If your daughter is between 10 and 17, chances are she’ll need your help to navigate the often cruel world of pre-teen and teen girls. According to Rachel Simmons, author of the national bestseller, Odd Girl Out (Mariner Books), finding the right words includes being aware of what not to say:
1. “This is the way girls are.” Generalizing about a group of people never sets a positive example. This also implies that your daughter should give up the joys and comfort of female friendship. Better to ask her if she knows that there is research showing why some girls act this way when they get angry. “Explain how many girls are denied permission to express anger, jealousy, and competitiveness openly and how that affects the way girls express themselves,” Simmons writes.
2. “She’s just jealous.” A favorite response of parents, this does not resonate with victimized girls. A better response is, “Why do you think she’s doing this?” While your daughter’s first response may be the unhelpful “Because she hates me,” gently pushing her to consider problems the other girl may have will help your daughter recognize brokenness in the other person.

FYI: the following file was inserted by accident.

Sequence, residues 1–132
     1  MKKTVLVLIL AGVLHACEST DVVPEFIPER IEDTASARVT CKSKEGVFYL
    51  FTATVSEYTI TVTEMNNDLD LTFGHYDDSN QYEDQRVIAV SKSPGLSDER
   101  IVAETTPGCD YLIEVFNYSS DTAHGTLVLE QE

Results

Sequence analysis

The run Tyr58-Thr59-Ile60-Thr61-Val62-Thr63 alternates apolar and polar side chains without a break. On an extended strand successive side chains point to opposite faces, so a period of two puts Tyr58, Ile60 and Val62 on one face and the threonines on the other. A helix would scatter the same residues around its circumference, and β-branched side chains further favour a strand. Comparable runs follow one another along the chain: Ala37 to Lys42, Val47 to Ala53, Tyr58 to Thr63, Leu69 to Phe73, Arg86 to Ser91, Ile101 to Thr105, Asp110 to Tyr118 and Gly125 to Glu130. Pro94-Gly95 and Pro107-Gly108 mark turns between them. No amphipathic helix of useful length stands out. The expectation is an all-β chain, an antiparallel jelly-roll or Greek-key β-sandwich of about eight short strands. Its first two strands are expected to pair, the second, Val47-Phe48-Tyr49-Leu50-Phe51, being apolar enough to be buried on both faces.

3. “It happens to everyone, honey.” This remark trivializes your daughter’s pain, Simmons says. While it may be true, it doesn’t recognize that for your daughter, this experience is a first taste of emotional pain. Better to say, “That is terrible. I’m so sorry.” Meanness may be common, but that doesn’t make it less terrible. It’s after you acknowledge her pain that you can explain how she is not alone.
By Annemarie Scobey, from the pages of At Home with Our Faith, Claretian Publications’ print newsletter for parents on nurturing spirituality in the home. Winner of the Best in Class award in 2014 from the Associated Church Press, as well as a First Place General Excellence award from the Catholic Press Association for four years running. Here’s a sample issue.
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